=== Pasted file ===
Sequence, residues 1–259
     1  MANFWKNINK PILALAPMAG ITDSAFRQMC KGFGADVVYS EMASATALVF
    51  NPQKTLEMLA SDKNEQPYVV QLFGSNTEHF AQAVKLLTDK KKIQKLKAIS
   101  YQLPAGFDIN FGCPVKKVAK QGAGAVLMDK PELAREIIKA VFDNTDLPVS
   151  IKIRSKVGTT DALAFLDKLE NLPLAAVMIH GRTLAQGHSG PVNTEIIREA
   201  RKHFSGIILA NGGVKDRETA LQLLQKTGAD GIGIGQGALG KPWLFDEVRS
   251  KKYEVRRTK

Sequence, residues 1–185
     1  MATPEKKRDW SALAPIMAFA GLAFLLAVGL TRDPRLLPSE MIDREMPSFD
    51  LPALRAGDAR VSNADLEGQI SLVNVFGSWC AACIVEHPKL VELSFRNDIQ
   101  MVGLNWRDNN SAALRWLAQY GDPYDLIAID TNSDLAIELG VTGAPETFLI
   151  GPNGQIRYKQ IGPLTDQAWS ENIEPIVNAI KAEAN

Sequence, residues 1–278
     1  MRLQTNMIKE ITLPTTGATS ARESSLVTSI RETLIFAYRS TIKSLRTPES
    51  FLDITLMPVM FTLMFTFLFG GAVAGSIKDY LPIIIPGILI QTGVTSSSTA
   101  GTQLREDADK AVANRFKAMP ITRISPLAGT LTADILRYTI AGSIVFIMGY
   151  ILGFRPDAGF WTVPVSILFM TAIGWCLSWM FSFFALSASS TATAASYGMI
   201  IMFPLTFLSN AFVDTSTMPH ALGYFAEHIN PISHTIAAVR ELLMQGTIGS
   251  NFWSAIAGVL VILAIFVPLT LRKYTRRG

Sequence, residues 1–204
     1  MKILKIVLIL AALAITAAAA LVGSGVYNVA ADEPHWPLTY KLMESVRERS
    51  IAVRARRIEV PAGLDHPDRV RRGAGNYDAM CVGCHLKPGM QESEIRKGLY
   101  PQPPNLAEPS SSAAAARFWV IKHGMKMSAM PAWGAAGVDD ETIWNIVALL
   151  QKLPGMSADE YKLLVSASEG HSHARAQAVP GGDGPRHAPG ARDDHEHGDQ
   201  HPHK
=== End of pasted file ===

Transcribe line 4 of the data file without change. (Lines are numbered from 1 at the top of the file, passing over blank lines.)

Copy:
   101  YQLPAGFDIN FGCPVKKVAK QGAGAVLMDK PELAREIIKA VFDNTDLPVS